She said nothing, but held him closer. And O, the strength of those white arms that held him! O, the assurance of safety in that warm bosom that rose and fell under his cheek! For a moment they stood so, silently. Then they heard a heavy step upon the stair. She led him to a chair and went out and closed the door. At the top of the staircase she met a tall, broad-shouldered man, with iron gray hair, and a face alert and stern. Her eyes were shining and her cheeks on fire, her whole face was one expression of intense determination.
"James, it is William in there, come home. You must keep him at any cost. If he goes this time, I go with him. O, James, be easy with him, he has suffered so." She broke from a command to an entreaty, and laid her hand on his shoulder. He looked questioningly at her a moment, then went in the room and quietly shut the door.
She stood leaning against the wall, clasping her temples with her hands and listening to the low indistinct sound of the voices within. Her own lips moved silently. She waited a long time, scarcely breathing. At last the door opened, and her husband came out. He stopped to say in a shaken voice,
"You go to him now, he will stay. I will go to my room. I will see him again in the morning."
She put her arm about his neck, "O, James, I thank you, I thank you! This is the night he came so long ago, you remember? I gave him to you then, and now you give him back to me!"
"Don't, Helen," he muttered. "He is my son, I have never forgotten that. I failed with him. I don't like to fail, it cuts my pride. Take him and make a man of him." He passed on down the hall.
She flew into the room where the young man sat with his head bowed upon his knee. She dropped upon her knees beside him. Ah, it was so good to him to feel those arms again!
"He is so glad, Willie, so glad! He may not show it, but he is as happy as I. He never was demonstrative with either of us, you know."
"O, my God, he was good enough," groaned the man. "I told him everything, and he was good enough. I don't see how either of you can look at me, speak to me, touch me." He shivered under her clasp again as when she had first touched him, and tried weakly to throw her off.
But she whispered softly,
"This is my right, my son."
Presently, when he was calmer, she rose. "Now, come with me into the library, and I will have your dinner brought there."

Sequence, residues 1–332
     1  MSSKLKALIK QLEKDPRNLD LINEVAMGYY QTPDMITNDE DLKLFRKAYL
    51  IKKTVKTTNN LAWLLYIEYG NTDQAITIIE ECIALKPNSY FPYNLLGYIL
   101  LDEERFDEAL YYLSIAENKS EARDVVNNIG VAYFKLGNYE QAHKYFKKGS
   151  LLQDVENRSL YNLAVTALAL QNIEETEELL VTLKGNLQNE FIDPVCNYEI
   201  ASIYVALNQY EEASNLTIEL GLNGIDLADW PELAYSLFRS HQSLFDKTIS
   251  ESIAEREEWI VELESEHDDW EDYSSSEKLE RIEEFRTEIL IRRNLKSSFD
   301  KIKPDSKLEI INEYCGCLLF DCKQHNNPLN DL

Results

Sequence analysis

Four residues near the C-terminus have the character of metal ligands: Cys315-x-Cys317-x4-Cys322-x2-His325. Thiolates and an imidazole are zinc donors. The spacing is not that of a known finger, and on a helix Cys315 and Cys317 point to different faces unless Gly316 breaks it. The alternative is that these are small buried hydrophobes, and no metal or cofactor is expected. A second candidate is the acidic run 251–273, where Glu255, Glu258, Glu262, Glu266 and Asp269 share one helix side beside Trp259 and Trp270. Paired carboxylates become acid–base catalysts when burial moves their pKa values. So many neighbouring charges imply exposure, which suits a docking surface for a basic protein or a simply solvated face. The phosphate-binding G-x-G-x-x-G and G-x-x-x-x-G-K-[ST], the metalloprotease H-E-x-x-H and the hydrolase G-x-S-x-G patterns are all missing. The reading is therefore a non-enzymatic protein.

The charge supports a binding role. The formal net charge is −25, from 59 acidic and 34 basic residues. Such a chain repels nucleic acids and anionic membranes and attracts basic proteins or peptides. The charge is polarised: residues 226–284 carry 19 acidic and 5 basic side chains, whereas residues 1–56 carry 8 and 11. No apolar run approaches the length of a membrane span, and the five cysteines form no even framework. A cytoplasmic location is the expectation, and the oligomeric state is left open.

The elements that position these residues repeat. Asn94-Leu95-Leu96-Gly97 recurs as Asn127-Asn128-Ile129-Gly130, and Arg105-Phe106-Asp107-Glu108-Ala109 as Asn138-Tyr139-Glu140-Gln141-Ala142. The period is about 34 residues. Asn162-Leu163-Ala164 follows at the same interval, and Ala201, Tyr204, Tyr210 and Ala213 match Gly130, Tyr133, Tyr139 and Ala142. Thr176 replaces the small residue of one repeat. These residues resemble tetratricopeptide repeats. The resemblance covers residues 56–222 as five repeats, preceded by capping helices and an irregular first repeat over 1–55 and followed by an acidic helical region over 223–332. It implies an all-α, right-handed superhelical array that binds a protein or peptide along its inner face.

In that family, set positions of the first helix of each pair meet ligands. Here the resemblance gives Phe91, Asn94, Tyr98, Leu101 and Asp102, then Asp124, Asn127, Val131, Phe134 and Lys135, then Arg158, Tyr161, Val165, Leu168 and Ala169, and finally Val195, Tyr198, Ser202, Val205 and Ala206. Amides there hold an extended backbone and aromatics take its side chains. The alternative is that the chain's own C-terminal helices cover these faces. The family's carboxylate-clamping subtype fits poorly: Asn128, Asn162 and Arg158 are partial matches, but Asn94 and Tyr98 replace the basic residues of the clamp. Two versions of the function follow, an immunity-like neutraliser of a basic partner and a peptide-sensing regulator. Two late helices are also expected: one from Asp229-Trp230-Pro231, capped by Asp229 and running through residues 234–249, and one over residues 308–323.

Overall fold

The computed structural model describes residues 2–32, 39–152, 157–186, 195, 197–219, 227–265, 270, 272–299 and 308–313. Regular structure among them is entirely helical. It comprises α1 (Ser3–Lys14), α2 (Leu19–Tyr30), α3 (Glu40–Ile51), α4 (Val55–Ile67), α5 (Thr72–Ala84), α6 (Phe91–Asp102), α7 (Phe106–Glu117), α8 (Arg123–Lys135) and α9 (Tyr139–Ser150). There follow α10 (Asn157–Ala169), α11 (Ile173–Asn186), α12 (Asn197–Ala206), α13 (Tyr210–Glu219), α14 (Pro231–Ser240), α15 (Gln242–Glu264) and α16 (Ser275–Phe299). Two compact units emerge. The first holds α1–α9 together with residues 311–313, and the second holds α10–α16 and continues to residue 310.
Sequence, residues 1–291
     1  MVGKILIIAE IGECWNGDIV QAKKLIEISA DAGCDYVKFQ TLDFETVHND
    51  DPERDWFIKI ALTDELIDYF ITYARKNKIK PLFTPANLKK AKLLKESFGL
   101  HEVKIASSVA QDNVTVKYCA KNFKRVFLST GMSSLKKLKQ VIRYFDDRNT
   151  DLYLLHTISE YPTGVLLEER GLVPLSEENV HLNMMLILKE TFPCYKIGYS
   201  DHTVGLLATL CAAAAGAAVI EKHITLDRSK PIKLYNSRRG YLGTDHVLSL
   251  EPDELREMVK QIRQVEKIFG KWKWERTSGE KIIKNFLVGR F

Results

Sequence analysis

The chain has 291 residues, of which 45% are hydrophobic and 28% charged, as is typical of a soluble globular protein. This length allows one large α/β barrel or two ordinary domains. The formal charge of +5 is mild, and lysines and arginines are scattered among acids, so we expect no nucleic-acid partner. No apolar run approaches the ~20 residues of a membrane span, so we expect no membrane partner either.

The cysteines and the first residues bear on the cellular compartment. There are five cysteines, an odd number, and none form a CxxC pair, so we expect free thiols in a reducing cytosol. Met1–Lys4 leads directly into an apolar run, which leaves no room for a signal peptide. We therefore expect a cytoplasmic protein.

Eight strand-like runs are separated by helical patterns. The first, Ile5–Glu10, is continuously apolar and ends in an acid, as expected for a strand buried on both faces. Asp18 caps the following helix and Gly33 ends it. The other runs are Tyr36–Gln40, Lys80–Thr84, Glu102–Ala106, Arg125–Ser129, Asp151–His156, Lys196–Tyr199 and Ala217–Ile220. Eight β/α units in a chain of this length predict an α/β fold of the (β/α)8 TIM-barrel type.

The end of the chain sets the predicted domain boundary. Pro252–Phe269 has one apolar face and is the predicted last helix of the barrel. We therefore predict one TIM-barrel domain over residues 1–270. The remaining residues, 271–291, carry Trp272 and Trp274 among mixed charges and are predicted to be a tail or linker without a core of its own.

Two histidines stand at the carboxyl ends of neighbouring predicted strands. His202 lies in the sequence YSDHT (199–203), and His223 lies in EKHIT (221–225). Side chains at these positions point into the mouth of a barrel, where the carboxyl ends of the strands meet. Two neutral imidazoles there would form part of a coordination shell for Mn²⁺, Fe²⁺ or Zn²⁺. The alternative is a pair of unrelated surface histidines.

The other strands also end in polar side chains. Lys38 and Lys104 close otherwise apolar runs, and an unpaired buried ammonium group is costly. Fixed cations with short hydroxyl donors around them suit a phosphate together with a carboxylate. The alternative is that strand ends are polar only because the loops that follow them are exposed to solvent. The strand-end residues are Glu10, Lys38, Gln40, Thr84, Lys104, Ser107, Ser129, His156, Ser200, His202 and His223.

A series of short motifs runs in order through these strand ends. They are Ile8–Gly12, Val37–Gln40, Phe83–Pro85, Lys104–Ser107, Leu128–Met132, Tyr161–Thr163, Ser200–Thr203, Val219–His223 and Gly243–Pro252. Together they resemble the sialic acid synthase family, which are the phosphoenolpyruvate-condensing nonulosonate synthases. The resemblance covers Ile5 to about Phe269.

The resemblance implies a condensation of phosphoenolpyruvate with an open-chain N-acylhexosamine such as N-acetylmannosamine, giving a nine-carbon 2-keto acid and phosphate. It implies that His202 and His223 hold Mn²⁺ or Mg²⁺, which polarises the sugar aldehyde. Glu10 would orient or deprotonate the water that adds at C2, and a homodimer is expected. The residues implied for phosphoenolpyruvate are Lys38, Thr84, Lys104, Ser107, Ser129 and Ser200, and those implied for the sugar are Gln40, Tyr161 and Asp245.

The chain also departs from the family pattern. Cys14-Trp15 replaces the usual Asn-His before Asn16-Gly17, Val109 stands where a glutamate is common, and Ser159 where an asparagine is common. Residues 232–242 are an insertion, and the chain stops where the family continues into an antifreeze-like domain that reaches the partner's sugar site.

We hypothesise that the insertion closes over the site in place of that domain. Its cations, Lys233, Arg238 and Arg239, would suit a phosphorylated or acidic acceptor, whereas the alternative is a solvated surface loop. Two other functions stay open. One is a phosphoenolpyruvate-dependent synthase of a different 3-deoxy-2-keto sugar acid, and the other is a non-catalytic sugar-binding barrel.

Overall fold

As they went down stairs she remarked apologetically, "I will not call Ellen to-night; she has a number of guests to attend to. She is a big girl now, you know, and came out last winter. Besides, I want you all to myself to-night."
When the dinner came, and it came very soon, he fell upon it savagely. As he ate she told him all that had transpired during the years of his absence, and how his father's business had brought them there. "I was glad when we came. I thought you would drift West. I seemed a good deal nearer to you here."
There was a gentle unobtrusive sadness in her tone that was too soft for a reproach.
"Have you everything you want? It is a comfort to see you eat."
He smiled grimly, "It is certainly a comfort to me. I have not indulged in this frivolous habit for some thirty-five hours."
She caught his hand and pressed it sharply, uttering a quick remonstrance.
"Don't say that! I know, but I can't hear you say it,—it's too terrible! My boy, food has choked me many a time when I have thought of the possibility of that. Now take the old lounging chair by the fire, and if you are too tired to talk, we will just sit and rest together."
He sank into the depths of the big leather chair with the lion's heads on the arms, where he had sat so often in the days when his feet did not touch the floor and he was half afraid of the grim monsters cut in the polished wood. That chair seemed to speak to him of things long forgotten. It was like the touch of an old familiar friend. He felt a sudden yearning tenderness for the happy little boy who had sat there and dreamed of the big world so long ago. Alas, he had been dead many a summer, that little boy!
He sat looking up at the magnificent woman beside him. He had almost forgotten how handsome she was; how lustrous and sad were the eyes that were set under that serene brow, how impetuous and wayward the mouth even now, how superb the white throat and shoulders! Ah, the wit and grace and fineness of this woman! He remembered how proud he had been of her as a boy when she came to see him at school. Then in the deep red coals of the grate he saw the faces of other women who had come since then into his vexed, disordered life. Laughing faces, with eyes artificially bright, eyes without depth or meaning, features without the stamp of high sensibilities. And he had left this face for such as those!